As part of our larger effort to connect the underconnected and close the digital divide, Facebook is partnering with LEARN, a nonprofit that connects research, education, health care, and public service institutions in Texas, to help connect thousands of West Texas residents. We’re doing this by providing access to three libraries located near our builds with newly constructed fiber that connects our Los Lunas, New Mexico, and Fort Worth, Texas, data centers. This new fiber access allows us to deliver services to enable connectivity that is 10-100x higher speed for the three designated libraries (Muleshoe Area Public Library, Cochran County Love Memorial Library in Morton, and Friona Public Library).
Serving the billions of people around the world who use Facebook services requires scalable network connectivity between data centers to provide an efficient and reliable experience. In North America, this means developing new long-haul fiber routes that can be used to connect our data centers and support rural communities that could benefit from additional bandwidth. The excess capacity from the infrastructure we built to connect our data centers allows us to enable local partners like LEARN to make these much-needed services available to local libraries. It makes broadband more widely available and provides communities with economic and quality-of-life benefits.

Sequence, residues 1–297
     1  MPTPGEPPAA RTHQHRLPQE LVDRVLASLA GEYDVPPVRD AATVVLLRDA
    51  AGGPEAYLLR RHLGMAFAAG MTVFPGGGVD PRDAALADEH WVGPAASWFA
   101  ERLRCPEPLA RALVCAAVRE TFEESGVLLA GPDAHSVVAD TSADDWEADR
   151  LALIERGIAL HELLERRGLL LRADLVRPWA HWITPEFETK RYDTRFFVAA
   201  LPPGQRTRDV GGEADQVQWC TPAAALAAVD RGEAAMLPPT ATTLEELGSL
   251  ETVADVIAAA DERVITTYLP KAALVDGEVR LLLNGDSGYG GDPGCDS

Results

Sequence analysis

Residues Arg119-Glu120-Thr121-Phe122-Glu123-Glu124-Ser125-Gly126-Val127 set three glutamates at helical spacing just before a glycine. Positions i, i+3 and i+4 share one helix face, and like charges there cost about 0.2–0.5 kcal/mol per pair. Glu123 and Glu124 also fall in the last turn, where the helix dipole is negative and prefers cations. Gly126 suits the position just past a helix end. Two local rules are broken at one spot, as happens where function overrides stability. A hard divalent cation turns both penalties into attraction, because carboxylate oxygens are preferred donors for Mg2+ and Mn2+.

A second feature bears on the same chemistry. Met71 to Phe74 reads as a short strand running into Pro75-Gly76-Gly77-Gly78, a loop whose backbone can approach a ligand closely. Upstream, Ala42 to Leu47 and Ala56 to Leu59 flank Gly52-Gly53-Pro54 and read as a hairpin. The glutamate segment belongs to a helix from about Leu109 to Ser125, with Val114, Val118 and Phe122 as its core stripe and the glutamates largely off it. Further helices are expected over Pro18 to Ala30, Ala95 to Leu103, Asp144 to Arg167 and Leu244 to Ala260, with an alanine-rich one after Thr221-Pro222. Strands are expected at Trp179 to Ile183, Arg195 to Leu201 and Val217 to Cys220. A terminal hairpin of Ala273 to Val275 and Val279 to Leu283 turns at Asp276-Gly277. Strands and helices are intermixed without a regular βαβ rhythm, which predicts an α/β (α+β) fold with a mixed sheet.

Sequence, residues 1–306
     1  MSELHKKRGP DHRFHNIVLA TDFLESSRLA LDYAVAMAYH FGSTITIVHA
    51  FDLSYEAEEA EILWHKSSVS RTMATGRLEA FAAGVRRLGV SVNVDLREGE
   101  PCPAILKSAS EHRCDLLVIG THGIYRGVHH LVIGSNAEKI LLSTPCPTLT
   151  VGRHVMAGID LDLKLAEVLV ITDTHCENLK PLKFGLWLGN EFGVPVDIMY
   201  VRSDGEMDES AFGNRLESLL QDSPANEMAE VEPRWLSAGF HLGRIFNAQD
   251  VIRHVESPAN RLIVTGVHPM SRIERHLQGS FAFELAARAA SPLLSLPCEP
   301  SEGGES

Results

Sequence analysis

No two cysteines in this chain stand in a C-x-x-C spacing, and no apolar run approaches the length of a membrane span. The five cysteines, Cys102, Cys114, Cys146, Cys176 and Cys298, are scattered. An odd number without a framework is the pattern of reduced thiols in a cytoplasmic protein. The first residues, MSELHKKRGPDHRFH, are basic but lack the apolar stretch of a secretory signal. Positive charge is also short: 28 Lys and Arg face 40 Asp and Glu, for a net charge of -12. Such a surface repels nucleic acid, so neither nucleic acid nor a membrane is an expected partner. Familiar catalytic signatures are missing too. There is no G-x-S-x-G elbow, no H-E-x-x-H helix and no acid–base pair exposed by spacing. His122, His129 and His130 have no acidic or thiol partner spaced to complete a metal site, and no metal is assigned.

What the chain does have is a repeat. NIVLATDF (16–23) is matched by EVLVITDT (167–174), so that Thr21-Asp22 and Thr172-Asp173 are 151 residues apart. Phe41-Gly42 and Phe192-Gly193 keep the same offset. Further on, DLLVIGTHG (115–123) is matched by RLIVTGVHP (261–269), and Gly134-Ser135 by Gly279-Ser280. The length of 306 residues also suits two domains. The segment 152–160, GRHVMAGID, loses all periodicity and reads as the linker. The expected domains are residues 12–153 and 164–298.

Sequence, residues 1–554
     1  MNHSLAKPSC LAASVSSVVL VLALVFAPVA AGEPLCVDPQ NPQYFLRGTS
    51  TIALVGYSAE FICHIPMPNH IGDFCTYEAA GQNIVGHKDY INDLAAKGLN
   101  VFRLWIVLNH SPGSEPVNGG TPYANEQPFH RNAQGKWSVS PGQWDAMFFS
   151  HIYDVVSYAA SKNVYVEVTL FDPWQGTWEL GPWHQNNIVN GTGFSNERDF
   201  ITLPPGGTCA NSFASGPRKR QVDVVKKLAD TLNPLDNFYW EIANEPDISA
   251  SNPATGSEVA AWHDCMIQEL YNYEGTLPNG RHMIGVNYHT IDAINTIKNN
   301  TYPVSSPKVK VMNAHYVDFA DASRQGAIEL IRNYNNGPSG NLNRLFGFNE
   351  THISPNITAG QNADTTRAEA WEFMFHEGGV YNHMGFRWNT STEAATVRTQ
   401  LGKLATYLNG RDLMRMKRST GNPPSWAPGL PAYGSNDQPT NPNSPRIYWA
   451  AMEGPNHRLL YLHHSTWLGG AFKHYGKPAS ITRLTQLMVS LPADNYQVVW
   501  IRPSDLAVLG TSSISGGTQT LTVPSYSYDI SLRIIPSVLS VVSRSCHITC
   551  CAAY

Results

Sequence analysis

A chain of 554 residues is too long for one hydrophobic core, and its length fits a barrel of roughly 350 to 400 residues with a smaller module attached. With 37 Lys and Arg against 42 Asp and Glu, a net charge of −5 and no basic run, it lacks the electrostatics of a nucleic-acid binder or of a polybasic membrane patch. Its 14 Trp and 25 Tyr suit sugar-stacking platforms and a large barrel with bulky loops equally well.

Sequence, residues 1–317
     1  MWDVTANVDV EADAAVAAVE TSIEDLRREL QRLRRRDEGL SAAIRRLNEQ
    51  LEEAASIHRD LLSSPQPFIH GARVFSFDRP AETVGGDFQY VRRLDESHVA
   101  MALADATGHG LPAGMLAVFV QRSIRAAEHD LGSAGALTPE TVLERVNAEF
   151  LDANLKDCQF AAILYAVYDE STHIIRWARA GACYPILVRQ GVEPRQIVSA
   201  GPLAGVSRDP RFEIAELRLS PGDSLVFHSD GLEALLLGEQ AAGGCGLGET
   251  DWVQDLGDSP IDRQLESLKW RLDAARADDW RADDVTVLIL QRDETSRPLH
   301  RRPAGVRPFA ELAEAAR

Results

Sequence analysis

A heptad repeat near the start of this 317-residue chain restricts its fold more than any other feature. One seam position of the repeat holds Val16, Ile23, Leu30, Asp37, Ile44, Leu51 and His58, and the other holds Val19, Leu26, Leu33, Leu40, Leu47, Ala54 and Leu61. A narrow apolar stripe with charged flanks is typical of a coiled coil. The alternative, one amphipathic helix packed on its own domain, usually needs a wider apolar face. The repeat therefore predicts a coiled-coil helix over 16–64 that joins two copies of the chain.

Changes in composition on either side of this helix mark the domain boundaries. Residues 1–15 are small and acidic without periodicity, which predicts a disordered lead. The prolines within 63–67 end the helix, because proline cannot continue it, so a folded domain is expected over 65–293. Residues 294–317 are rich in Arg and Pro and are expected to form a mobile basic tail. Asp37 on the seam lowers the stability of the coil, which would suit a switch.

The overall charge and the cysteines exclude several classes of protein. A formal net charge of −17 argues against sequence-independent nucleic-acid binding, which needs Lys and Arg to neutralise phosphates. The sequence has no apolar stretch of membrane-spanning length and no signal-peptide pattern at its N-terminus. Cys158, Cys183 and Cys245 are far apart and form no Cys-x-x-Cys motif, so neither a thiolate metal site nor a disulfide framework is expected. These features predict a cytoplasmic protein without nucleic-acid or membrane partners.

The local communities are now able to visit the library and access high-speed internet to continue their education, conduct business, and even access health care. During the pandemic, as schools and businesses closed, this need multiplied, so local libraries became a lifeline for the towns they support. It’s also a lifeline for people like Mary Escamilla, who’s raising three grandchildren in Morton, Texas (a town with a population of fewer than 2,000 people), and has no internet connection. When her grandchildren need to do their homework, they head to the library to use the internet.
“Being at home during the pandemic has been very hard on me because I share the internet with three other people in my house,” says Arthur Recio, a college student in Muleshoe, Texas. “So when I come to the library for my online college courses, I bring my laptop and use it to finish quizzes, labs, and to print off study material. It’s like my second home.”
Our Network Moments series highlights the impact of the projects we partner on to enable local businesses to bring reliable internet access to as many people as possible and help close the digital divide.